Officials Recover Thousands of Cultural Goods in Crackdown, Including Roman Gold Coins

International police and U.S. Customs and Border Protection performed checks at museums, border crossing points, airports and auction houses

Two people in police uniforms stand behind a table covered in blue tablecloth, upon which sit several fragments of sculptures
Italy's Arma dei Carabinieri seized 79 archaeological goods last year. Courtesy Interpol

A four-month operation across 28 countries led to the seizure of more than 9,000 cultural goods between June and September of last year, Interpol announced last week.

During the sting—the sixth and latest phase of what’s known as Operation Pandora—investigators from the international crime-fighting organization ramped up checks at border crossing points, airports, auction houses, museums and private homes, according to an Interpol statement. Authorities arrested 52 individuals related to the stolen goods. More than 170 additional investigations are still ongoing, the organization reports.

Operation Pandora first began in 2016. To date, the program has resulted in 407 arrests and the recovery of 147,050 stolen or illegally trafficked goods, reports Harriet Sherwood for the Guardian.

The 2021 project, reports Sarah Cascone for Artnet News, was a joint effort between Interpol, Europol and the World Customs Organization (WCO), and was led by the Spanish authorities.

Officials recovered stolen statuettes, musical instruments, archaeological finds, pieces of pottery, paintings, furniture and more, according to the statement.

A view of a table covered in piles of coins and other small archaeological artifacts
French Customs seized 4,231 archaeological objects, including the coins pictured.  Courtesy Interpol

Amateur metal detecting is a popular—and profitable—pastime for many Europeans in recent years, but some have employed the hobby illegally. Seven European countries confiscated a combined total of 90 metal detectors used for illicit looting at archaeological sites, per the Guardian.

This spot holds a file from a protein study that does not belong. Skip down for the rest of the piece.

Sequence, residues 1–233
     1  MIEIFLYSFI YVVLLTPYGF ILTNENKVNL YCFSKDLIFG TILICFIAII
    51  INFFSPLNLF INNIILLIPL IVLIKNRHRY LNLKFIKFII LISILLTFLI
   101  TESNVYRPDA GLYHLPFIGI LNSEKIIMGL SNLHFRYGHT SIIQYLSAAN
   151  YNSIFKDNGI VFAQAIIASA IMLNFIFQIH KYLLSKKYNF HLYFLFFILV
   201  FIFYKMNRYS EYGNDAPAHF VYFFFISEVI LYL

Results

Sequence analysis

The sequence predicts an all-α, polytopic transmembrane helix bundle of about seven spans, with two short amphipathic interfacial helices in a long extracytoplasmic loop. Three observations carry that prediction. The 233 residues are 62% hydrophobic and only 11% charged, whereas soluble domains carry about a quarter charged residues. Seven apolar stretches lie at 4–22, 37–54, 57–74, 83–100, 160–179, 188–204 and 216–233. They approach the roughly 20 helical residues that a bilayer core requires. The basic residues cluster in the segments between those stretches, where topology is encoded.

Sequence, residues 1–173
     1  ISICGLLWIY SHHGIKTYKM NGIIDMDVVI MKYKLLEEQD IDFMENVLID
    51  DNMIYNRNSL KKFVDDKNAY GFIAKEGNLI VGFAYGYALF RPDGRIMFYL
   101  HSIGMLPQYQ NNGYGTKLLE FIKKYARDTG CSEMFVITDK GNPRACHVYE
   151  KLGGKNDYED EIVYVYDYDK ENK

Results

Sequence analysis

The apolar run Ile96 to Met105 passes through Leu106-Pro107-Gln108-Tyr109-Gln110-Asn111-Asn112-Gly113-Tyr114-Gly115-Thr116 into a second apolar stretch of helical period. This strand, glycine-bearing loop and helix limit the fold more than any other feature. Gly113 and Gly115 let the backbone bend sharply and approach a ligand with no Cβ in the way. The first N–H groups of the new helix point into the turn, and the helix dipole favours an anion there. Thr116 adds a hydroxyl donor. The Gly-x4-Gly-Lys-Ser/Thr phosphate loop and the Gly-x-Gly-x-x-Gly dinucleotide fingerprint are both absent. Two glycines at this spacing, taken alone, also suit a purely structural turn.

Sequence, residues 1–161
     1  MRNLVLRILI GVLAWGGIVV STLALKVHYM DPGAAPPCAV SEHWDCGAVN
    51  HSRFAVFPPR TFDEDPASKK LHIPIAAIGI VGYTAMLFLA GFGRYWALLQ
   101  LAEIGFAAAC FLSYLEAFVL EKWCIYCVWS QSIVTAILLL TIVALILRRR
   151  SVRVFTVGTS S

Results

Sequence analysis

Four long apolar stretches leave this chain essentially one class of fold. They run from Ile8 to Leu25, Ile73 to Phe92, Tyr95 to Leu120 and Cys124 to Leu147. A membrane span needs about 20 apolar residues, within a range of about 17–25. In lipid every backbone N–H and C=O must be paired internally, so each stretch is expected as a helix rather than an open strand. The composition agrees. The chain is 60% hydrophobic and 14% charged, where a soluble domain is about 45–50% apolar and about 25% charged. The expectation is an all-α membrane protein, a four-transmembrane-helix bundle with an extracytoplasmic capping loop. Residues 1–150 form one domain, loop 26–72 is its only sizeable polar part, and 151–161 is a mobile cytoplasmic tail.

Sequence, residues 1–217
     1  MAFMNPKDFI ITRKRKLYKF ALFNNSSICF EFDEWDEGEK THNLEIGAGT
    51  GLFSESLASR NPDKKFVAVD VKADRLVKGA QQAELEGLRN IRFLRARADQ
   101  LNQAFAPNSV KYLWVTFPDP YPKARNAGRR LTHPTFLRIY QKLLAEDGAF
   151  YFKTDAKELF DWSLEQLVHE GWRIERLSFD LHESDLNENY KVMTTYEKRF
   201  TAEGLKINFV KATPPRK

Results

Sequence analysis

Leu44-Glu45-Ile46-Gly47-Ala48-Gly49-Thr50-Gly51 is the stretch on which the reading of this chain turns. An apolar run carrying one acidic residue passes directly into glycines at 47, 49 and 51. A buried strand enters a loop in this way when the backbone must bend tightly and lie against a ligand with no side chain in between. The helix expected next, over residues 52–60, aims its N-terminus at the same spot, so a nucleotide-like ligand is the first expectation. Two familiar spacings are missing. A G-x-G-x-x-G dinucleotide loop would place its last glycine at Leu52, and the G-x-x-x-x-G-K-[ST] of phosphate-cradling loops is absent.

Highlights of the past four months include the recovery of a trove of golden coins that date to the ancient Roman Empire, per the statement. Spanish officers discovered the coins at a well-known auction house in Madrid, and later identified which archaeological site the coins had been looted from. Altogether, the coins could have been sold for an estimated half a million euros (about $550,000) on the black market, authorities note in the statement.

French Customs officers also seized 4,231 archaeological objects—including bells, buckles, rings and pieces of pottery—that had been looted by a single individual from archaeology sites. And United States Customs and Border Protection agents intercepted a shipment with 13 ancient Mexican artifacts, some dating to the Aztec period, including one skull and two adzes or chopping axes.

One of the objects was recovered using brand-new technology. Last May, the international police organization debuted a smartphone app, ID-Art, that allows users to search within a vast database of more than 52,000 missing artworks and identify looted works, according to the statement.

Using the app, Romanian police were able to identify a 13th-century processional cross that had been stolen in 2016 from the Evangelical Church Museum of Cisnădie. As Andreea Tobias reports for Romanian news source MediaFax via Google-translation, the suspect in the crime was identified as a 50-year-old man from Cisnădie. Local legend holds that early representatives of the Saxon community brought the cross with them when they settled in Transylvania for the first time.

Previous phases of Interpol’s undercover operations to retrieve stolen antiquities have resulted in similarly large caches of recovered goods. In May 2020, the organization announced that two programs, Athena II and Pandora IV, had successfully recovered 19,000 artifacts from 103 countries in the fall of 2019.

“The hundreds of arrests and investigations launched—and thousands of objects seized—must be a wake-up call for those in government and in the art world,” Deborah Lehr, founder of the nonprofit Antiquities Coalition,  Artnet News’ Taylor Dafoe reported at the time. “This is a critical reminder, coming at an equally critical time, that when it comes to ancient art, buyers should beware.”

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